On PTSD: Post Traumatic Stress

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Brian (Chick) Hennessy. Vietnam vet. Ex 6RAR first tour.



On PTSD: Post Traumatic Stress.

My opinion only.

These days we know a lot more about how a soldier’s psychological health can be affected by his military service. Combat stress reactions have been described as long ago as the conflict between Athens and Sparta in the 5th century BC, and more recently in World War I where it was known as shell shock. In World War II it was described as battle fatigue. Today, it is known as post traumatic stress disorder or PTSD.

And there it is in a nutshell: post traumatic stress; i.e., after the trauma stress. Generally speaking this classification describes delayed symptoms which are involuntary and recurring. For example: re-experiencing phenomena which include flashbacks and intrusive thoughts and feelings; avoidance behaviours such as  a refusal to have anything to do with distressing reminders of combat-related traumas; and arousal symptoms such as hypervigilance, difficulty sleeping, outbursts of anger and so on. And as if these symptoms are not enough for an ex- serviceman to cope with, PTSD is often accompanied by what Winston Churchill described as ‘the black dog of depression.’

After the initial joy of the homecoming has dissipated, family and friends notice changes. Although the returned soldier may look the same outside, it becomes apparent that internally he has changed. As well as the above symptoms he may have difficulty feeling emotionally close to his loved ones. He may feel as though he has no future. This is emotional or psychic numbing.

What is going on here? During his active service, a soldier is exposed to traumatic events which are outside the normal range of human experience. However, the mind is not wired to cope with these situations. They are psychological outliers or ‘one-offs’. Further, when they occur he cannot afford to feel the emotions that one might expect because he is part of a team which depends on him to function effectively in the midst of chaos. He has a role to play and a job to do.  Thus, emotions are sidestepped and buried. The problem however, is that they are buried alive not dead.

Also, settling back into civilian life can be surprisingly difficult. Every returned serviceman knows that, like it or not, his wartime experiences separate him from his civilian peers. For example; Oliver Wendell Homes was a young captain who fought for the Union Army in the American Civil War and he observed that having served in combat distanced him forever from men who had not. Thus many ex-soldiers live a life tangential to society. Some men adapt and play the game very well, no matter how estranged they may feel inside. Others are unable to do so. They watch from the sidelines. Both groups know however, that life is transient and that at any moment it can be tipped upside down forever. So they are always mentally prepared for this possibility.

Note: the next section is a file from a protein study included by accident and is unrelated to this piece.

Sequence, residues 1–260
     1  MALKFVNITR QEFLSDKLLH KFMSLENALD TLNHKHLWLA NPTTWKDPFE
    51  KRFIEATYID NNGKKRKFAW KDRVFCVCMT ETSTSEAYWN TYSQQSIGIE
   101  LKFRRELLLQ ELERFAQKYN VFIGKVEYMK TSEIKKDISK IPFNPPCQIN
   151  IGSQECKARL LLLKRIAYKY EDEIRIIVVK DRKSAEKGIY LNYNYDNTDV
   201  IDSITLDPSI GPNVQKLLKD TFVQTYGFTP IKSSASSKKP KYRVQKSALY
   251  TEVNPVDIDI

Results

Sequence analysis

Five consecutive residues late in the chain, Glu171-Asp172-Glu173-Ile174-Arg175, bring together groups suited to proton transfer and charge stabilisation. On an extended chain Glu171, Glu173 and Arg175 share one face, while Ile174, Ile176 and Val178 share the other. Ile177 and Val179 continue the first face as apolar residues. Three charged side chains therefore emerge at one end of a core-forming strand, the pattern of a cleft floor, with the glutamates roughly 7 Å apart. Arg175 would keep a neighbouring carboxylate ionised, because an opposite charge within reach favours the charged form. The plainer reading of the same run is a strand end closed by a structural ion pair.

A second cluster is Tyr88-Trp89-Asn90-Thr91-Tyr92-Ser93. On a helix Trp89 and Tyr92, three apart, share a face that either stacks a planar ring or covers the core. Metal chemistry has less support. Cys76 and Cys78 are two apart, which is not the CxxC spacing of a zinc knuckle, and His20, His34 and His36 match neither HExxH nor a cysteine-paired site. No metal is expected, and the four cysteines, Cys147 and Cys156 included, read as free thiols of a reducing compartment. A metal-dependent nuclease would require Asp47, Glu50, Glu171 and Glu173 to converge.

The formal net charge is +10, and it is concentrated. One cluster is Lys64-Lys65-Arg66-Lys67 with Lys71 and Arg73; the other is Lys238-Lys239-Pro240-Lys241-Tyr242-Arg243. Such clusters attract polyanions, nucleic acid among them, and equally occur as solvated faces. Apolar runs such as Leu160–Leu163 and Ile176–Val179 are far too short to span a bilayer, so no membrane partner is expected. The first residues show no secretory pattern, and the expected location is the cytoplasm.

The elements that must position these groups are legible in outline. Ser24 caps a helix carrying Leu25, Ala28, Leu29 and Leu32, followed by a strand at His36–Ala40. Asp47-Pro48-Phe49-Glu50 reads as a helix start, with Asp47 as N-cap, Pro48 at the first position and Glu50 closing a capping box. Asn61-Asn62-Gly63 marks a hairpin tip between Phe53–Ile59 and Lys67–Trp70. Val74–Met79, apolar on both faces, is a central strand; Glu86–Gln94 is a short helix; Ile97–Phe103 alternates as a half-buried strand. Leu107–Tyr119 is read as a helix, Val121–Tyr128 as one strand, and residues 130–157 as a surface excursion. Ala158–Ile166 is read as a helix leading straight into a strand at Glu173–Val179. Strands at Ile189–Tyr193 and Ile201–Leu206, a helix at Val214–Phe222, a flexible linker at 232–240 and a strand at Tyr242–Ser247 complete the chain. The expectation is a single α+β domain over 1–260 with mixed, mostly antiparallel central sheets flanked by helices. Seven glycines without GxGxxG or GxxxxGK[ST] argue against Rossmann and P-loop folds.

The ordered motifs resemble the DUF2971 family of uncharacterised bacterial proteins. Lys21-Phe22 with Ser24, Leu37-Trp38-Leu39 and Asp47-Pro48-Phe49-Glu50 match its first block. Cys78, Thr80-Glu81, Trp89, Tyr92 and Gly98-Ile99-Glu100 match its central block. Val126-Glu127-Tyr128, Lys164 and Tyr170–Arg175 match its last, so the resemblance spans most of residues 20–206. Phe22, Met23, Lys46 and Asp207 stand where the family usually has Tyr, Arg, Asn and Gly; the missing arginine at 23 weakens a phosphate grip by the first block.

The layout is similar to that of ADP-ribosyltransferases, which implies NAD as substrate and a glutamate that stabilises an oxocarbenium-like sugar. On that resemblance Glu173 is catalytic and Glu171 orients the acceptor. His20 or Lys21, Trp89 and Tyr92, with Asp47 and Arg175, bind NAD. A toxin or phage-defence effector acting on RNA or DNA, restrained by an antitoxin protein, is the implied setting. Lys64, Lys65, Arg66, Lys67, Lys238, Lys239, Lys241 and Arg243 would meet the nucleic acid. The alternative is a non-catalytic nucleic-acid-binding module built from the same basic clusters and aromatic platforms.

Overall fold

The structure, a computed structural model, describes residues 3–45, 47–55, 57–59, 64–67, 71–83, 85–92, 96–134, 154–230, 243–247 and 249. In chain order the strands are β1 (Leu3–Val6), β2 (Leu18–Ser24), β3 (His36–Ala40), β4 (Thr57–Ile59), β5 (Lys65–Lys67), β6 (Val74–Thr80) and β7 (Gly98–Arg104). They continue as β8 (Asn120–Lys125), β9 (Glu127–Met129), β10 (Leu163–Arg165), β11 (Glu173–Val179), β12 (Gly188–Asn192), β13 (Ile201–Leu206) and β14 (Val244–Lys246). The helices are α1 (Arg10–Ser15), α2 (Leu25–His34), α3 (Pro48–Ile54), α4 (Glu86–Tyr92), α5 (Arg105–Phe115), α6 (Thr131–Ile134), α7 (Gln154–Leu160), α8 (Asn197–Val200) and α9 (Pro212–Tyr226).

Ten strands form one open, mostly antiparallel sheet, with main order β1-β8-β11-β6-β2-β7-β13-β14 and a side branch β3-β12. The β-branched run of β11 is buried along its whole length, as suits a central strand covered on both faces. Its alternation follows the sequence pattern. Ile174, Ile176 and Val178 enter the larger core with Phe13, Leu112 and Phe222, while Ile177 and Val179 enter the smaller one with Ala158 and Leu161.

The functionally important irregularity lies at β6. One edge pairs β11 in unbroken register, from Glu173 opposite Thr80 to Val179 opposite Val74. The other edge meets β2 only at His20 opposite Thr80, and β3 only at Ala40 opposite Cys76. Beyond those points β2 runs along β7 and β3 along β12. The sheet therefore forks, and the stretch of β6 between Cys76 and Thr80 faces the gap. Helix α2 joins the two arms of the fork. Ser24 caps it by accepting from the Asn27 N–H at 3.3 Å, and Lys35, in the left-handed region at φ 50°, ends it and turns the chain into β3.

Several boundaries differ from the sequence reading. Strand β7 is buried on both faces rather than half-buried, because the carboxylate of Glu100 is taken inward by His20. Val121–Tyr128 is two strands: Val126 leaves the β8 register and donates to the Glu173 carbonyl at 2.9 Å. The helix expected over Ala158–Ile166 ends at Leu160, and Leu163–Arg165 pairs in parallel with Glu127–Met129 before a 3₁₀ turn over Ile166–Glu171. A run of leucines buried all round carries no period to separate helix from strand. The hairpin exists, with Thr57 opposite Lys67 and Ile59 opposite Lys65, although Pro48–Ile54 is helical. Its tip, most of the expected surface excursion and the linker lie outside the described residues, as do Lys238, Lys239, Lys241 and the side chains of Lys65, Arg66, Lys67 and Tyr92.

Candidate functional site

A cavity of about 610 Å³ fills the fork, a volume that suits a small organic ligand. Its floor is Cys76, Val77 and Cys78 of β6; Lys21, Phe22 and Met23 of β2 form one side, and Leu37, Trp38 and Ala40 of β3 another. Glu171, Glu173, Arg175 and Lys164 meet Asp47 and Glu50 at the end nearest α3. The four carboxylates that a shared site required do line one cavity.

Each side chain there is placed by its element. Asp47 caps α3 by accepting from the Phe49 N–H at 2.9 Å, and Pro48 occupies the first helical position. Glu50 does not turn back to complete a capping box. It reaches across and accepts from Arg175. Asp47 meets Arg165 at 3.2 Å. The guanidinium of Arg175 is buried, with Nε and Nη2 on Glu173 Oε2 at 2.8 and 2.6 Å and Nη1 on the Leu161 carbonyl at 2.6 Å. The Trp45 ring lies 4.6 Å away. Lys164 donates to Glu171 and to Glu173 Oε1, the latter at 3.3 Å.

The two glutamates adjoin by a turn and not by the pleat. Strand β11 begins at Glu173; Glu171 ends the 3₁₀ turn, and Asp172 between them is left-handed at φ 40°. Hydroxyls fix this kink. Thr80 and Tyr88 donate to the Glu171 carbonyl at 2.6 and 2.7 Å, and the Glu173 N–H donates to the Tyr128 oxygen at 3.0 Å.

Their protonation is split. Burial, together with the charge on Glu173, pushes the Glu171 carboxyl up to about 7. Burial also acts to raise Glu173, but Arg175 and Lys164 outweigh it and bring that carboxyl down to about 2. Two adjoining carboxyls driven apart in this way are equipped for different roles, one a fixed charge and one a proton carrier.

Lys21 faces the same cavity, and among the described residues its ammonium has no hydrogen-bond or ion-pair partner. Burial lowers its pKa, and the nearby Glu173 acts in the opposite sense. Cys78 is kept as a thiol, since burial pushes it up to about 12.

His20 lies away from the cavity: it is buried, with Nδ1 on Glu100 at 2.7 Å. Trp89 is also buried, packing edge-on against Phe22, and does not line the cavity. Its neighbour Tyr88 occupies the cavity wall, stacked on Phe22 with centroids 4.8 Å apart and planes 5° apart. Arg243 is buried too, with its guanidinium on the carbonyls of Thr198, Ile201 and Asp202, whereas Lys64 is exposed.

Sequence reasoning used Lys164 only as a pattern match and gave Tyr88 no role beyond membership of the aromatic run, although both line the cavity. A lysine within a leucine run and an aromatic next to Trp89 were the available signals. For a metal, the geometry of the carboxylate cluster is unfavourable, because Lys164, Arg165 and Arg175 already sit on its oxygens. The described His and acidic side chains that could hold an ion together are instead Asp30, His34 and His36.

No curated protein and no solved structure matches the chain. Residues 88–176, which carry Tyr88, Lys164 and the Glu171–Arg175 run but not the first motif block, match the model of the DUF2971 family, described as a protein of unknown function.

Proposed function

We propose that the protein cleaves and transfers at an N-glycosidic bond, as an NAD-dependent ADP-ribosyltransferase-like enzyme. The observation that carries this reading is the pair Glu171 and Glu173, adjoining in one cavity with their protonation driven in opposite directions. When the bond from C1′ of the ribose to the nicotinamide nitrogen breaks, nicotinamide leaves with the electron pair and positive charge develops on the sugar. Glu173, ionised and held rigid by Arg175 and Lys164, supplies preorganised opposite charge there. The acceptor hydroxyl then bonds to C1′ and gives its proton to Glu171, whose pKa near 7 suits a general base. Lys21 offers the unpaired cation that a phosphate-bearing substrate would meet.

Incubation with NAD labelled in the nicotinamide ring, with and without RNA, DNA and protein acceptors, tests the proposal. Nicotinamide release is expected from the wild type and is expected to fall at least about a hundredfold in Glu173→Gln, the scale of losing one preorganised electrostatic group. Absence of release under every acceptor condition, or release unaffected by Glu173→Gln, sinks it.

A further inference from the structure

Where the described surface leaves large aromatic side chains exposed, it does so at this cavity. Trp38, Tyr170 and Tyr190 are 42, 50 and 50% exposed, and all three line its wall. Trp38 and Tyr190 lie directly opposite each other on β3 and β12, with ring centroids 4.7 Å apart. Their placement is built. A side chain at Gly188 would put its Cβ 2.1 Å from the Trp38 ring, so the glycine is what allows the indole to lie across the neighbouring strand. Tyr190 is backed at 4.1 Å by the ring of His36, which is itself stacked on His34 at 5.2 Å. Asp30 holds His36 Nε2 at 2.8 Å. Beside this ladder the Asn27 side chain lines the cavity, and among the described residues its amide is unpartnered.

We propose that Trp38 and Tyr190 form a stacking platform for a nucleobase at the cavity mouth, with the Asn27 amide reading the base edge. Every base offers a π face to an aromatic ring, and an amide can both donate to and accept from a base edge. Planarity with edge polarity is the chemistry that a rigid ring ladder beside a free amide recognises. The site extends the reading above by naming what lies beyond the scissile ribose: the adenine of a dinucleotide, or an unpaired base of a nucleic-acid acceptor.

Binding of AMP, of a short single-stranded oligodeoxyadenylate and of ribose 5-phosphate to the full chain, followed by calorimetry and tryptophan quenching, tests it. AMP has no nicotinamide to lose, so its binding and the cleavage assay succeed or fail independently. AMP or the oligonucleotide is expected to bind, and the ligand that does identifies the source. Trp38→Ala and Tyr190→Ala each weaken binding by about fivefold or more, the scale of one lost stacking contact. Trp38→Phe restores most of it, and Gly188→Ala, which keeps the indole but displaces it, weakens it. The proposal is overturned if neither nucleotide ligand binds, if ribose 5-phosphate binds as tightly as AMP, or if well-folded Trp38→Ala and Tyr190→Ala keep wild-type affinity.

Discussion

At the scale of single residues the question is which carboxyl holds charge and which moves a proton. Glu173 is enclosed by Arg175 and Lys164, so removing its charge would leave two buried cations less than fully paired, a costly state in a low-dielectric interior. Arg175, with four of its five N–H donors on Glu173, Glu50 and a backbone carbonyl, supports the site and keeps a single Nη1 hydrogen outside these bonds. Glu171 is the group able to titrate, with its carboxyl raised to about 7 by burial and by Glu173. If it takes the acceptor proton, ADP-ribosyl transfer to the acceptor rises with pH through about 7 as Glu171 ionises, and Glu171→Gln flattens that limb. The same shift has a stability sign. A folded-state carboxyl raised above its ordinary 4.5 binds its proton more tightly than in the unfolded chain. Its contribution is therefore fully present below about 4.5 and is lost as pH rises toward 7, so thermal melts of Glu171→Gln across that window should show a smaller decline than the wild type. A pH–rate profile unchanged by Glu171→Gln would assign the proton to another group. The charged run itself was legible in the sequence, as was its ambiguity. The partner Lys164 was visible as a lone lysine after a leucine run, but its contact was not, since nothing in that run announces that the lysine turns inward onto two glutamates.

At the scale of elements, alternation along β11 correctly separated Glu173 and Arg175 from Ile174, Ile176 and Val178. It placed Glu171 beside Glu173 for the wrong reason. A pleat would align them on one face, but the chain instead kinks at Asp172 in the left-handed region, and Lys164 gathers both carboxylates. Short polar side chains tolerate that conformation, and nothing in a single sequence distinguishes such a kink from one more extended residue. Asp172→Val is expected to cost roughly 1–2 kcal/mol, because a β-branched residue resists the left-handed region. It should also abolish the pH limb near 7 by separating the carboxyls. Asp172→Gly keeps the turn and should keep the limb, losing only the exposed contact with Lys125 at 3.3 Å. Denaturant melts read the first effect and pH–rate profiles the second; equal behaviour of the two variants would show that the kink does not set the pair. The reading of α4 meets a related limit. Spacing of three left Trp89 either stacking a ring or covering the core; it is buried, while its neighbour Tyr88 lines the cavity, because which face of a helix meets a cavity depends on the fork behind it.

In contrast, some American Indian tribes have a tradition of reintegrating warriors (ancient and modern) back into civilian life. They honour them for protecting their community and offer them non-combat leadership roles whereby they can continue to guide and protect society members. Surely a win-win situation for everyone.

Unfortunately, modern Western industrialised societies and their exact sciences have not been as successful at reintegrating ex-soldiers into their home communities. Perhaps there is no close community for them to be reintegrated into. This can make it more difficult to treat the consequences of combat.

The worry is that PTSD may be regarded by some mental health professionals as an illness or disorder rather than as the natural consequence of an extraordinary event outside the normal range of human experience. The holistic experience of the sufferer becomes compartmentalised and medicalised, with the result that symptoms may be treated in isolation.  For example: cognitive behavioural therapy for negative thoughts; desensitisation for re-experiencing phenomena; and medication for depression. All well and good as far as they go. But when therapy relieves suffering yet fails to cure, symptoms can then be labelled as chronic. That’s when the wiser veterans lose hope.